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Thursday, February 27, 2003

Conference Meetings Could Open

By Loie Fecteau
Journal Politics Writer
    SANTA FE The public and news reporters would be allowed to attend meetings of legislative conference committees, with some exceptions, under a measure approved Wednesday by the House on a 58-8 vote.
    House Minority Leader Ted Hobbs, R-Albuquerque, sponsor of the legislation (HCR 1), told lawmakers it was time for them to open up the closed-door negotiating sessions, where lawmakers often make critical decisions on major legislation, such as the budget.
    Hobbs said conference committees are "the last remaining closed committee in this Legislature."
    "People wonder what legislators are trying to do if they go behind closed doors," Hobbs said. "All other committees are open."
    Opponents of opening conference committee meetings contend the privacy of closed-door discussions helps legislators reach compromises on difficult and often contentious issues.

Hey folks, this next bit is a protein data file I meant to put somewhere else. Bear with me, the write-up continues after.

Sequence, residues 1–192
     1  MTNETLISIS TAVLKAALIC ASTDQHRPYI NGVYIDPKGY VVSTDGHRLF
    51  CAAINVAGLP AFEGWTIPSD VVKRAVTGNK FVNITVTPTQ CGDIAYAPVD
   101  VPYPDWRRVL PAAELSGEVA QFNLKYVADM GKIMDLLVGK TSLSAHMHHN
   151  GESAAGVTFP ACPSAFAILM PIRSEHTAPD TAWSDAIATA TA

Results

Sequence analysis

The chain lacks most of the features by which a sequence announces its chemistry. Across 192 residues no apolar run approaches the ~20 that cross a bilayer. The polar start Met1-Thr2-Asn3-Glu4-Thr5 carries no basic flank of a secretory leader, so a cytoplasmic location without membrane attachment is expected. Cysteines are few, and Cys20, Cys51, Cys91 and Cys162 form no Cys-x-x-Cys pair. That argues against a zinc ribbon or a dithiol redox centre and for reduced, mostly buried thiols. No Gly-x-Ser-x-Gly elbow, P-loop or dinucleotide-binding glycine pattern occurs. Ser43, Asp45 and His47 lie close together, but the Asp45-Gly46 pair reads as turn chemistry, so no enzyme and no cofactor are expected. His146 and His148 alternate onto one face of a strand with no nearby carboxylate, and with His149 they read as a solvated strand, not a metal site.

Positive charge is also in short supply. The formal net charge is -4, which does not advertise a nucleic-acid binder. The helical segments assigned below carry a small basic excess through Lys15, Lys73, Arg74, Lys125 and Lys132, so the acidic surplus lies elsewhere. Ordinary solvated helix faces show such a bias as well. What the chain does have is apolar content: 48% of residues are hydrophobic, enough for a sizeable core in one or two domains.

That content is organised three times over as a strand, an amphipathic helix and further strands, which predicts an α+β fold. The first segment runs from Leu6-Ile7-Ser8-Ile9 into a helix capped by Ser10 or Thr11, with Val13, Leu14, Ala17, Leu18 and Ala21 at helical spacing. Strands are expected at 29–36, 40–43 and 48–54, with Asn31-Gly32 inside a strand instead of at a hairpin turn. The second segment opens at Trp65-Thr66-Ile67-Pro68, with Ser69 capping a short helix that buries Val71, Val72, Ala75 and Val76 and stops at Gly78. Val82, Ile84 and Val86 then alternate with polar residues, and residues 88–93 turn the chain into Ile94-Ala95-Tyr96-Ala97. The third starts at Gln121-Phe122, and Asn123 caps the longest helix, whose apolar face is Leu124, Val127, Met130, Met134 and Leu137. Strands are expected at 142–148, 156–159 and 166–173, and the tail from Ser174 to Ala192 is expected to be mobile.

Rep. Edward C. Sandoval, D-Albuquerque, argued in favor of keeping conference committee meetings closed, saying, "Just like in talking about a family matter, you don't bring in the neighborhood."
    Sandoval said legislators need to be able to meet in private "to really get 'round to the nitty-gritty and get down and dirty."
    Sandoval said the issue was not about open government. "It's a matter of getting things done."
    Hobbs countered, "The public has a right to know how we make our decisions."
    Under the proposed legislative rules change, conference committee meetings would be open to the public unless legislators decided to close them for "good cause" or to discuss personnel or legal matters, Hobbs said.
    Robert Johnson, executive director of the New Mexico Foundation for Open Government, called the proposal to open conference committees "long overdue."
    However, Johnson said the House-passed measure is "weak" because legislators "just built in excuses to close it (conference committees) if they felt like it."
    "But it's better than nothing," Johnson said in an interview.
    The measure now goes to the Senate.